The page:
By Jonathan Darlington
By Jonathan Darlington
Puccini epitomized the neurotic ‘fin de siècle’ artist. His scores are bursting with indications of articulation and rubato and as with all neuroses, they are sometimes quite contradictory – dragging and animated or getting slower and speeding up at the same time for instance. Very often he tells you to slow down but never tells you where to pick up speed again, rather like Schumann. He wasn’t alone in these neuroses, in fact most composers at the turn of the 20th century – and pretty much ever since – began filling their scores with innumerable indications. Paradoxically I always find that the more indications one reads the more scope there is for misinterpretation!
Puccini starts all of his operas without a true prelude or overture. Right from the start the atmosphere is set, the décor painted and the action already begun. Tosca is no exception to this rule. The first few bars depict Scarpia, the motivating force of the opera, with 3 major chords – B-flat, A-flat and E, massively orchestrated tutta forza. The effect is electrifying, brutal and frightening, like the character. The interval between B-flat and E – the 1st and the 3rd chord – is known as a tritone (3 whole tones) or the Diabolus in musica (“the devil in music”). In medieval times the interval was banned because of its dissonance and hence the likelihood of the devil leaping out from his dark hiding place. When used intelligently the interval still has a deeply disturbing effect on us and certainly did when Puccini wrote his masterpiece.
This motive keeps turning up like a bad penny and a good deal of the opera revolves around it, mirroring Scarpia’s all encompassing stamp on proceedings – even after death. The three keys have a habit of appearing in important moments and are very cleverly crafted, despite the fact that Puccini was in no way an ‘intellectual’ composer. One of my favorite examples is in the first act duet between Tosca and Cavaradossi. He says Mia gelosa (“my jealous one”) and she touchingly acknowledges her fatal character flaw. It is Tosca’s Achilles heel and Scarpia uses to manipulate her into betraying her lover. I love the way that Puccini, with a glorious sleight of hand, slips into E Major (the last of the three chords). He introduces a blissfully swinging melody for the lovers surrounded by a starry, optimistic, featherlight pizzicato accompaniment while telling us subliminally that it’s all going to end in utter disaster. I really want to think that he did it on purpose!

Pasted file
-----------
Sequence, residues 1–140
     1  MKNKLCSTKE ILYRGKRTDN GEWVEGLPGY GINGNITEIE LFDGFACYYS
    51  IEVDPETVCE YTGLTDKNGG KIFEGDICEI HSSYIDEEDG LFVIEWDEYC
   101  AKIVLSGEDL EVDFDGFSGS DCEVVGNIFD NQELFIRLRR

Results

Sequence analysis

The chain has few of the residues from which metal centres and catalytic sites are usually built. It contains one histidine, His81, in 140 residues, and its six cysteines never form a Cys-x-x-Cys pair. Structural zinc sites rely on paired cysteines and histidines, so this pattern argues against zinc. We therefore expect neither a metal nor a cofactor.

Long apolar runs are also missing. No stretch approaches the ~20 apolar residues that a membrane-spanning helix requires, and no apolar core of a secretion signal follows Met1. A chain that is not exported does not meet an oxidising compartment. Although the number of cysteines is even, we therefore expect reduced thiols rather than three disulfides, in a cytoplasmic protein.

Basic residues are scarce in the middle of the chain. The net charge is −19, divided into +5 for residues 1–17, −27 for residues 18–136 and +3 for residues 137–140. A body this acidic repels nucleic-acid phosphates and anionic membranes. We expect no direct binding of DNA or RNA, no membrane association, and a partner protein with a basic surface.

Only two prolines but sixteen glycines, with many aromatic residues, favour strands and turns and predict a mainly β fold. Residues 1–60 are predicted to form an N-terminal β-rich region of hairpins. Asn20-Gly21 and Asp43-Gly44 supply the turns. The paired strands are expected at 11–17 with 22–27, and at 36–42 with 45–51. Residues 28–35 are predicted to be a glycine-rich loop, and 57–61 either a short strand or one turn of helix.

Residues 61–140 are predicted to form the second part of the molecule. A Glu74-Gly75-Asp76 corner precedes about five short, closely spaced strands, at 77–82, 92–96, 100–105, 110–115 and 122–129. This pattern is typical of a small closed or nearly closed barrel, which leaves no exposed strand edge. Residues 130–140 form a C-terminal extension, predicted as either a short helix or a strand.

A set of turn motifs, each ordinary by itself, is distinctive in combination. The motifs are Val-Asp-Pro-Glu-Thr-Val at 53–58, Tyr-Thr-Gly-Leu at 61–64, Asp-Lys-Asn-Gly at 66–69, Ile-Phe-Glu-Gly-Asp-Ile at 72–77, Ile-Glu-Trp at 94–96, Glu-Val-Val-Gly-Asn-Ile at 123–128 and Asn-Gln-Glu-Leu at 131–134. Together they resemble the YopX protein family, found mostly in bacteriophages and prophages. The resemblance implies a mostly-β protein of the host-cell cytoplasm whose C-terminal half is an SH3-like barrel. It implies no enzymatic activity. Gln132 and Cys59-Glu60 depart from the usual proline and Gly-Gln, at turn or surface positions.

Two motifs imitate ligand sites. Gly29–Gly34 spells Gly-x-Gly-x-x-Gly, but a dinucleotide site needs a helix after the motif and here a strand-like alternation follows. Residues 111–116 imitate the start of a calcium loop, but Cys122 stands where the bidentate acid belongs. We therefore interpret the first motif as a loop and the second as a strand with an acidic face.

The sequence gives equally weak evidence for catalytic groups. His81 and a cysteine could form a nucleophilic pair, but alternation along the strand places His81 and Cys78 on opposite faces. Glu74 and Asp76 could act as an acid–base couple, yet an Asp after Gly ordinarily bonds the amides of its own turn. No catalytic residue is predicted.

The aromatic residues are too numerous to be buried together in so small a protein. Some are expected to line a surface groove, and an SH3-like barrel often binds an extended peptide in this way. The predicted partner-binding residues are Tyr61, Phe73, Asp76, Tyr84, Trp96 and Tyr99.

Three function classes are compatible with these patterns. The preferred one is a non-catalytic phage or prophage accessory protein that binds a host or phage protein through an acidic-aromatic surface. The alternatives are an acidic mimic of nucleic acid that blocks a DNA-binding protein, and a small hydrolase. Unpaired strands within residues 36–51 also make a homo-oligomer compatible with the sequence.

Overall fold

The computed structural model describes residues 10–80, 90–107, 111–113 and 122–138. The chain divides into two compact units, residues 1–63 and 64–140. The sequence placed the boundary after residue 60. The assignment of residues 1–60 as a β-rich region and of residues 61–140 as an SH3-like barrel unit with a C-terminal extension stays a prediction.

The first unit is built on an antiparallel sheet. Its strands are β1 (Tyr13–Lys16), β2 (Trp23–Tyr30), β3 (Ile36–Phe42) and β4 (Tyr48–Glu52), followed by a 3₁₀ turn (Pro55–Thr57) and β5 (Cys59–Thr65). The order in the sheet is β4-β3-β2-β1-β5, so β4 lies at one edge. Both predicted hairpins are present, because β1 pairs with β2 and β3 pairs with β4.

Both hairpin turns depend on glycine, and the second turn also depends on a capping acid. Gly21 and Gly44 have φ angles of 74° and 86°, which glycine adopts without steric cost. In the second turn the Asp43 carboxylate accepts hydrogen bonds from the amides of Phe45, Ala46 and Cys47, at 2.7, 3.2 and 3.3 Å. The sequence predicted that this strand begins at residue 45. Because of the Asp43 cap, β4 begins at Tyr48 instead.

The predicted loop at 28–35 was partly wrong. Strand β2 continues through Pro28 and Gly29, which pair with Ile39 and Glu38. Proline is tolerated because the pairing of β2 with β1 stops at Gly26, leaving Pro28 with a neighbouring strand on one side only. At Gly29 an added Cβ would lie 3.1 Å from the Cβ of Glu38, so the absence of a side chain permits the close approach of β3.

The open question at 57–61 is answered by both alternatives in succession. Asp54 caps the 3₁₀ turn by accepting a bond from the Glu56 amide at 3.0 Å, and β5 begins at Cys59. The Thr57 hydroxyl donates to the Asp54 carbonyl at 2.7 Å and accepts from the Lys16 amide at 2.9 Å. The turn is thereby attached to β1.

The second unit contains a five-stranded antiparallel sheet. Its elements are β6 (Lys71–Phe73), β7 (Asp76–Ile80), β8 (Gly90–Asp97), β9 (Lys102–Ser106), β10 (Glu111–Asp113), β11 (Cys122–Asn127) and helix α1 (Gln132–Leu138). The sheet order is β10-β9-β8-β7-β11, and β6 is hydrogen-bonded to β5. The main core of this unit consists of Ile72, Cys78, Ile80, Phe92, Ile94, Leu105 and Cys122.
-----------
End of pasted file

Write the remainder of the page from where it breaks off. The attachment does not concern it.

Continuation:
There’s a lovely thing which Puccini apparently said about himself and which I feel sums up so much of what we experience when we see and hear one of his music dramas. He said that what he did was to place ‘great sorrows in little souls’. Those little souls in Tosca are dominated by the overwhelming power of the church and the state. As a master orchestrator, Puccini marries both of them at a simple stroke in the sound of off-stage bells. The occasion is the famous Te Deum scene at the end of the first act in the church of Sant’Andrea della Valle. The effect, as Scarpia (the embodiment of state repression) and the full orchestra and chorus build towards an enormous climax over the incessant tolling of the bells - and punctuated incidentally by an offstage cannon - is overpowering and sends a shudder down the spine however many times one hears it. Sheer genius!
Jonathan Darlington is Vancouver Opera's Music Director and conductor of this production of Tosca.